Idjwi Island: Explore DR Congo’s (Africa’s Forgotten Island)
Idjwi Island: Explore DR Congo’s (Africa’s Forgotten Island) is an inland Island in Lake Kivu DR Congo. Idjwi Island: Explore DR Congo’s (Africa’s Forgotten Island) is your ideal destination to visit while on safari in the DR Congo.
As the number of travelers coming to democratic republic of Congo for Gorilla Trekking while on a congo safari tour in either Virunga National Park for mountain gorillas or Kkahuzi biega National Park for eastern lowland gorillas , explore the apes and africa’s forgotten island of idjwi island with an experienced tour guide of Active African Vacations.
Idjwi, or Ijwi, is an island in Lake Kivu belonging to the Democratic Republic of the Congo, in the Sud-Kivu province. At 70 km (43 mi) in length and with an area of 340 km2 (131 sq mi), it is the second largest inland island in Africa, and the tenth largest in the world.
Idjwi is roughly equidistant between the DRC and Rwanda, with 10 to 15 kilometres (6 to 9 mi) separating its western shore from the DRC mainland and a similar distance between its eastern shore and the coastline of Rwanda. The island’s southern tip, however, lies only 1 kilometre from a promontory of the Rwandan coast.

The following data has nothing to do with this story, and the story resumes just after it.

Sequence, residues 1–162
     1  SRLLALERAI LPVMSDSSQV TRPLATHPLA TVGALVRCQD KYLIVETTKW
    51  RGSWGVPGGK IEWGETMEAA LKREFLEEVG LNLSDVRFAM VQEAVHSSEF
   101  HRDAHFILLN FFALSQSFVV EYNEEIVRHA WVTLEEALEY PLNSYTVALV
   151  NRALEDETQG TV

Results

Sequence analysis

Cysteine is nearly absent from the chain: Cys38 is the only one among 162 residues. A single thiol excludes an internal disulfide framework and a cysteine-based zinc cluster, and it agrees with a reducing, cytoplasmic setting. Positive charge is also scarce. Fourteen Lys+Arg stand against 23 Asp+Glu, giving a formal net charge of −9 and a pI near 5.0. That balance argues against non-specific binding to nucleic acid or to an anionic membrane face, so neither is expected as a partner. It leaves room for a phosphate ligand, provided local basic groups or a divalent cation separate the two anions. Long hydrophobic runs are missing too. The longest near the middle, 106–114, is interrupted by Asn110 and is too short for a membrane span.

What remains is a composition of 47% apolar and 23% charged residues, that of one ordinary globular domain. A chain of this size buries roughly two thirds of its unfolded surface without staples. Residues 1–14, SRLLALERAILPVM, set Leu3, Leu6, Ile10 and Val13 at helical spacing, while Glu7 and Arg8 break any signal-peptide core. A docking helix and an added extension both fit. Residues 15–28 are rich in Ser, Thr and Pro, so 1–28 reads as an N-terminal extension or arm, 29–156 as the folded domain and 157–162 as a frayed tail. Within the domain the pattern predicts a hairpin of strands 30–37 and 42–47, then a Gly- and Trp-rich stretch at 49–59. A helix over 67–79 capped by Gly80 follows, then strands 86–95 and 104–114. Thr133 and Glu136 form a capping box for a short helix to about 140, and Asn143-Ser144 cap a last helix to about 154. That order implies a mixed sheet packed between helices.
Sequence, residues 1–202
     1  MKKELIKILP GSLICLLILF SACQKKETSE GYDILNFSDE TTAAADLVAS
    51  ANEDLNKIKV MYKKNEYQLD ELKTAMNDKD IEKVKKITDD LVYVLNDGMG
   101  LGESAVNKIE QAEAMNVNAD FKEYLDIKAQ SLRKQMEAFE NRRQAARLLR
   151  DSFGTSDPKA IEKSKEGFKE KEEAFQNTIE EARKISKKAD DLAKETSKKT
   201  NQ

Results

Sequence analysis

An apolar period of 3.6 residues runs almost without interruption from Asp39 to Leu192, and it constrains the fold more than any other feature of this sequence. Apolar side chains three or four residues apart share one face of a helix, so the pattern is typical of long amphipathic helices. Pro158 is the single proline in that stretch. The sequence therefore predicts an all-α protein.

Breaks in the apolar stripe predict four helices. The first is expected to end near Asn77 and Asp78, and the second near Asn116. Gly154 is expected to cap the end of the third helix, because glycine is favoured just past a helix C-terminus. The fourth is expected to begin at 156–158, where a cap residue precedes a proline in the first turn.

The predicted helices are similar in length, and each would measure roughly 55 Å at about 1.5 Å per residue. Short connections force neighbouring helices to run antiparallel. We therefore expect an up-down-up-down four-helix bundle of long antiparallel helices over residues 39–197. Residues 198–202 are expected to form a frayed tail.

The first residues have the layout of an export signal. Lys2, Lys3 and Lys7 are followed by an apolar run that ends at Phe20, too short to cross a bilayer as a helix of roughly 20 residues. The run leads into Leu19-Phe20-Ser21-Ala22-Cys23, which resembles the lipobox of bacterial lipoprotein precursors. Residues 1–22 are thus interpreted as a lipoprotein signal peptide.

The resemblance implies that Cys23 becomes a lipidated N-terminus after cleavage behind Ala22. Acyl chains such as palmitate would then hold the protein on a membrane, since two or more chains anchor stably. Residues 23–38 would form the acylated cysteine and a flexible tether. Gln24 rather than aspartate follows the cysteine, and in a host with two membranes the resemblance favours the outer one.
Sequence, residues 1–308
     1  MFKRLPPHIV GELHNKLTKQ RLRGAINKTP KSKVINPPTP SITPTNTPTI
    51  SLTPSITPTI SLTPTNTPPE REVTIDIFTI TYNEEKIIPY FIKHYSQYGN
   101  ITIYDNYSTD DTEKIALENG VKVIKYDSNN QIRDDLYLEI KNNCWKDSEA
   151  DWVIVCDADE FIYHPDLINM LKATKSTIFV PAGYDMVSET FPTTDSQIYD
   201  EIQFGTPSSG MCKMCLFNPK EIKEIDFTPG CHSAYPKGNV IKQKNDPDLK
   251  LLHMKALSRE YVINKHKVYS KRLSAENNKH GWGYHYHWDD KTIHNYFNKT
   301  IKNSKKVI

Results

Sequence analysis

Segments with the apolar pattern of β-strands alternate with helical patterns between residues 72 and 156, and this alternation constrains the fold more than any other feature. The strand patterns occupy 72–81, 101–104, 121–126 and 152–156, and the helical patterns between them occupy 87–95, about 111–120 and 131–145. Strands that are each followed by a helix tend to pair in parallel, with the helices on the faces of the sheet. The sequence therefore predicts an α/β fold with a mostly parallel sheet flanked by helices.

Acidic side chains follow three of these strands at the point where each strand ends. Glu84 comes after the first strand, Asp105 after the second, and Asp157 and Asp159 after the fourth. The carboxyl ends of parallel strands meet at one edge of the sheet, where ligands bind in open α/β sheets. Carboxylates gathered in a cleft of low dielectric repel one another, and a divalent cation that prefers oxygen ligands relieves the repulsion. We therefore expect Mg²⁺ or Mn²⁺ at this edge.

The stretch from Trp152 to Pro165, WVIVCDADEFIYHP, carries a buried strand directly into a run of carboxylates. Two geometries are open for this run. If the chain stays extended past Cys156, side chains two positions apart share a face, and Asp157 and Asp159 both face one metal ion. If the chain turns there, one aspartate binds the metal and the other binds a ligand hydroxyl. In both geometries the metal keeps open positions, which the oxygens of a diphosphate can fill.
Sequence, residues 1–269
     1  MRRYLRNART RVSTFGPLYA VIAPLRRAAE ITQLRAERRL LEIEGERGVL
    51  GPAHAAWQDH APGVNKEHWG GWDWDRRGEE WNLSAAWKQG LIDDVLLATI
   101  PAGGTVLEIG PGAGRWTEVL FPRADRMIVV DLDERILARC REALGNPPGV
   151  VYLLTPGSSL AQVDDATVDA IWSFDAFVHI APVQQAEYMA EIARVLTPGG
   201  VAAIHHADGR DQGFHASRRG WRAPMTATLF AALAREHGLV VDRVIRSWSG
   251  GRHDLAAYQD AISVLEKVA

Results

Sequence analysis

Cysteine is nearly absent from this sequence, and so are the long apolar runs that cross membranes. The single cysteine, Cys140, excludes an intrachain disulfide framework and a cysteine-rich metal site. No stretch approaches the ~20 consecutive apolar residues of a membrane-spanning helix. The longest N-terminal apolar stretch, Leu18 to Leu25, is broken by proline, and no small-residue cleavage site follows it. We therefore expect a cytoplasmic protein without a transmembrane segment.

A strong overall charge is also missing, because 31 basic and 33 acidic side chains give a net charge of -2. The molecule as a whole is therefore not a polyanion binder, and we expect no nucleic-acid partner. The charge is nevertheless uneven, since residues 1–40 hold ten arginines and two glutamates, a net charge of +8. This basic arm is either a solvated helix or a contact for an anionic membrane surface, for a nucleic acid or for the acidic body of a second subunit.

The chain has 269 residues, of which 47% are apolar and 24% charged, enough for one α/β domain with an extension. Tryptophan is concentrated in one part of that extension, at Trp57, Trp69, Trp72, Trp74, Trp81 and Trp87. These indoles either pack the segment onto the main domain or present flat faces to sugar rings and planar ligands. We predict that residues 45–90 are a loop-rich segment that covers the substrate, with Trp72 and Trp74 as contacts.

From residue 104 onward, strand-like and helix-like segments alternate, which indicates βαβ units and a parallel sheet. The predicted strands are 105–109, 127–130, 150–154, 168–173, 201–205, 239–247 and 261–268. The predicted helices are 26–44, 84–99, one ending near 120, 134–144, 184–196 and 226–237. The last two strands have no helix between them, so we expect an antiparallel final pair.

Idjwi Island receives few visitors, but is a unique and unexplored travel destination. The Island is 340 sq km in size and 70 km in length, the second largest inland island in Africa. Located within Lake Kivu it can be seen clearly from both the Rwandan and Congolese mainlands.
Activities include visiting one of the many pineapple plantations (and of course picking and eating one), village and nature walks, bird-watching, swimming in the lake and interacting with the local people to learn about life on Idjwi.
Boat rides can also be organized, taking you around the small islets surrounding the island, where you can visit nearby fishing villages. Pay the fishermen a small tip to guide you through the lush, primary tropical forest on this little piece of paradise, abounding in bird life and also home to a troupe of as yet unidentified monkeys.